# A level decision mathsWatch

#1
Hello, I don't understand how to answer questions on simple graphs from the AQA D1 book Chapter 5. If you have the book I am talking about page 92 worked example 5.1, although they give a solution it is not explained and I can't figure it out myself. If you don't have the book but can/ want to help this is the question..

A simple graph, G (not drawn) has six vertices and their degrees are 2d, 2d, 2d+1, 2d+1, 2d+1 and 3d-1 where d is an integer

a) By considering the sum of all the degrees, show that d is even.
b) Use the fact that the graph is simple to show that d<3 and state the value of d.
c) Draw a possible graph G

I REALLY need help with this, thanks!
0
4 years ago
#2
(Original post by Room4student)
Hello, I don't understand how to answer questions on simple graphs from the AQA D1 book Chapter 5. If you have the book I am talking about page 92 worked example 5.1, although they give a solution it is not explained and I can't figure it out myself. If you don't have the book but can/ want to help this is the question..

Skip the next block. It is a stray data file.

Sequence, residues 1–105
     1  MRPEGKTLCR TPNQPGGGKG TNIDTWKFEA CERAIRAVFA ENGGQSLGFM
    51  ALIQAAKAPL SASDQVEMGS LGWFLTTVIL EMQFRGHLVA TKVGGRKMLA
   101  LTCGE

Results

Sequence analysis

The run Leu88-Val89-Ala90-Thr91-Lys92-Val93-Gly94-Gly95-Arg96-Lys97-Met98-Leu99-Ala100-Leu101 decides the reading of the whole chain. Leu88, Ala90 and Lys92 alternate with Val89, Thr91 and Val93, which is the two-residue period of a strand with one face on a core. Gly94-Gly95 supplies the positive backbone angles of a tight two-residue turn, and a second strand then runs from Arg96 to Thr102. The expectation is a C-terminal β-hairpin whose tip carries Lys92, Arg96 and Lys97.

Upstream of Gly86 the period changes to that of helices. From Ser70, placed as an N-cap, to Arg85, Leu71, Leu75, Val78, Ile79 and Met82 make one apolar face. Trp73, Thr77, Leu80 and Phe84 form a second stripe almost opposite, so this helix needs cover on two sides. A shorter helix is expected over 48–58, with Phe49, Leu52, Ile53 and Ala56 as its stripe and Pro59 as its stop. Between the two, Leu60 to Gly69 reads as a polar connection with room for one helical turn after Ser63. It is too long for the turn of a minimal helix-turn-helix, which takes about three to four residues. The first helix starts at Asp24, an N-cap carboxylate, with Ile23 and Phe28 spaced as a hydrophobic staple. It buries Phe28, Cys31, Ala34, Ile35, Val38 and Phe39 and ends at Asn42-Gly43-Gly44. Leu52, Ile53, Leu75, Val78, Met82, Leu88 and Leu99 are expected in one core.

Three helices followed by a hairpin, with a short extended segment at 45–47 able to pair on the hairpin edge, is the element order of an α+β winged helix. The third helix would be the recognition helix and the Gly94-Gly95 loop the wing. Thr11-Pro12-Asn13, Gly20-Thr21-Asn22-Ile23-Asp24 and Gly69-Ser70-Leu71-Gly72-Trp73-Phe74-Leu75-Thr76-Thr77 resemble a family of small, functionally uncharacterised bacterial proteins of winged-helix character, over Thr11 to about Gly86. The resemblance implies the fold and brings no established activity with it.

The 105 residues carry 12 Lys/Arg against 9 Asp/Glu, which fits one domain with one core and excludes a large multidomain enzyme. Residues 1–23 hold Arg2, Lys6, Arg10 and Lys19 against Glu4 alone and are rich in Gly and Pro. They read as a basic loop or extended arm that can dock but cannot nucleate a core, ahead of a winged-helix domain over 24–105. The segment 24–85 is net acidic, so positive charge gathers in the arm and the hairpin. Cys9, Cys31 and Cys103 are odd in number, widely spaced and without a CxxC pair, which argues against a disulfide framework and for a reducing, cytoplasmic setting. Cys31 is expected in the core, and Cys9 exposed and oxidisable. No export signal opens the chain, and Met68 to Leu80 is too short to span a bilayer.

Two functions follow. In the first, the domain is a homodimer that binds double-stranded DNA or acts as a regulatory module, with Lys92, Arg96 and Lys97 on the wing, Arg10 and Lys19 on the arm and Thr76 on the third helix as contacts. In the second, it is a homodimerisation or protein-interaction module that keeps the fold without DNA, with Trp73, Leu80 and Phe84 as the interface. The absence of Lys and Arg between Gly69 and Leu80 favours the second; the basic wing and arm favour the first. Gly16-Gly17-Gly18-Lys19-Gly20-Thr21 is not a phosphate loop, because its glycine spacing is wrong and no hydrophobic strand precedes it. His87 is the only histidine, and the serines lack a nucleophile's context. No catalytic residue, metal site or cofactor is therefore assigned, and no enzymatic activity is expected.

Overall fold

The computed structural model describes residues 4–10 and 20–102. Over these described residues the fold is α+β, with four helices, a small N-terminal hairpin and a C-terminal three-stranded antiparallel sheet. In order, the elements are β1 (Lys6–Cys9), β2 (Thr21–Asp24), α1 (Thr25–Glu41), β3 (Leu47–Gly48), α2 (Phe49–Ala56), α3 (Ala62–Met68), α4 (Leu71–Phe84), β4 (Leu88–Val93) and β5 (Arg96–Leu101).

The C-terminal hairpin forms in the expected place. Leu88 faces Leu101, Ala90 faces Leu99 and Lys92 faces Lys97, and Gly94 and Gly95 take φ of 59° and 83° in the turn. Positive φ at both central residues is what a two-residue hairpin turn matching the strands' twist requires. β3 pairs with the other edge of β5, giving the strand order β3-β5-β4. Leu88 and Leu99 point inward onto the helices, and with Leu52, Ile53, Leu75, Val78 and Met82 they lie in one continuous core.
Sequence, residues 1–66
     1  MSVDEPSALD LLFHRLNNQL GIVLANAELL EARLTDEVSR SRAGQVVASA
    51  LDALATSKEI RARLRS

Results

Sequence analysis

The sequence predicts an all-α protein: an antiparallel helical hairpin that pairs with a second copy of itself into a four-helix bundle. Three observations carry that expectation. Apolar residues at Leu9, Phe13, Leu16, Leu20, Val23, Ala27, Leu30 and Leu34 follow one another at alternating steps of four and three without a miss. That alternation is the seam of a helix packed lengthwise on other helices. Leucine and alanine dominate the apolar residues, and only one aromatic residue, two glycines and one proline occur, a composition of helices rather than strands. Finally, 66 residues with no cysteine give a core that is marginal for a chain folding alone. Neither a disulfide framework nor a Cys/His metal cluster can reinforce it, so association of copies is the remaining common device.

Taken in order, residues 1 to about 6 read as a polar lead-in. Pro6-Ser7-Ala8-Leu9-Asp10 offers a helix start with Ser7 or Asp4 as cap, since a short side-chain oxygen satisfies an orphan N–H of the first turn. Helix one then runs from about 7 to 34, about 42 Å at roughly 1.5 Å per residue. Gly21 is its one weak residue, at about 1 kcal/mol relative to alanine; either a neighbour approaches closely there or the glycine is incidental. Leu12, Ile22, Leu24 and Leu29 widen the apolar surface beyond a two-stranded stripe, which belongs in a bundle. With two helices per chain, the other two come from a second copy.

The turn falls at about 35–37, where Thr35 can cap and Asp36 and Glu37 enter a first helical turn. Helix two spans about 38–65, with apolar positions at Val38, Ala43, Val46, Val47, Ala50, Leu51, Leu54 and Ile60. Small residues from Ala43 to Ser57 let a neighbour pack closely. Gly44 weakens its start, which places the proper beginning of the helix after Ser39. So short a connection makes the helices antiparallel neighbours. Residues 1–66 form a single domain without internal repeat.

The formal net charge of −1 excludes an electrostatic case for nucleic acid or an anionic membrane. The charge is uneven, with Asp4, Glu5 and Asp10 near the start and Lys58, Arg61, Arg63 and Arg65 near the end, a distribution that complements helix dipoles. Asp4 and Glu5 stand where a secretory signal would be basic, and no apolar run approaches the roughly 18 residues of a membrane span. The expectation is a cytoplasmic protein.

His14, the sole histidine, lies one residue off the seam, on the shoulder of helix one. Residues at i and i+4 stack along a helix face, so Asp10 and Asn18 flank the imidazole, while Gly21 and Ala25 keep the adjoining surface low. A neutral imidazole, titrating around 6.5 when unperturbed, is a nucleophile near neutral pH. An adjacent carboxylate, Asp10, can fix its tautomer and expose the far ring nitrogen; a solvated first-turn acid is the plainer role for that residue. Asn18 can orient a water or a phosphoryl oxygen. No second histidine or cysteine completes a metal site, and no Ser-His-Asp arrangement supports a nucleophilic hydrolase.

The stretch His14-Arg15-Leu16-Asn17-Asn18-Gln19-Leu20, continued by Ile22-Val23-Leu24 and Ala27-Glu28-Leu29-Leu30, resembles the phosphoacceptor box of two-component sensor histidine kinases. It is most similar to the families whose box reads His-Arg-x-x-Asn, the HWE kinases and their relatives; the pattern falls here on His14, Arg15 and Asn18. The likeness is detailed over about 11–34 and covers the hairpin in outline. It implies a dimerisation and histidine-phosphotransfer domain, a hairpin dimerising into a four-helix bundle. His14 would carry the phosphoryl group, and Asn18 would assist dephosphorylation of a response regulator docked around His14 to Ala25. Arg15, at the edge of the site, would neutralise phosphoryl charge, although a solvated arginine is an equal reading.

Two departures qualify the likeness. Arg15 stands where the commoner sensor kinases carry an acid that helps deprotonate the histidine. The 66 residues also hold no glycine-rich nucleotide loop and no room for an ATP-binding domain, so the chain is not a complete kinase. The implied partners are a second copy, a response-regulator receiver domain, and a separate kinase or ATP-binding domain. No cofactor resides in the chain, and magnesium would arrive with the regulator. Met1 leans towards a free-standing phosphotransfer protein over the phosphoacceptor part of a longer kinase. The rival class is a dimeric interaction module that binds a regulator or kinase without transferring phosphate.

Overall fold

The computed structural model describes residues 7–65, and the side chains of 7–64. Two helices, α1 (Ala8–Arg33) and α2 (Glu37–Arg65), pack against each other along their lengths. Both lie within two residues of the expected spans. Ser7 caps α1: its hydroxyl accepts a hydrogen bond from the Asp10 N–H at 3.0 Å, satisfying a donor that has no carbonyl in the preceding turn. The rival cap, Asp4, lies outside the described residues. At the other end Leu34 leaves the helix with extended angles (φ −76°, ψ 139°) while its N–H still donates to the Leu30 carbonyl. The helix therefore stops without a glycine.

A simple graph, G (not drawn) has six vertices and their degrees are 2d, 2d, 2d+1, 2d+1, 2d+1 and 3d-1 where d is an integer

a) By considering the sum of all the degrees, show that d is even.
b) Use the fact that the graph is simple to show that d<3 and state the value of d.
c) Draw a possible graph G

I REALLY need help with this, thanks!
a) What do you get when you sum the degrees? What do you know about the sum of the degrees of a graph?

b) What's the max possible value for the sum of the degrees? Hence....

c) So, what are the degrees of the vertices, then have a go.
#3
(Original post by ghostwalker)
a) What do you get when you sum the degrees? What do you know about the sum of the degrees of a graph?

b) What's the max possible value for the sum of the degrees? Hence....

c) So, what are the degrees of the vertices, then have a go.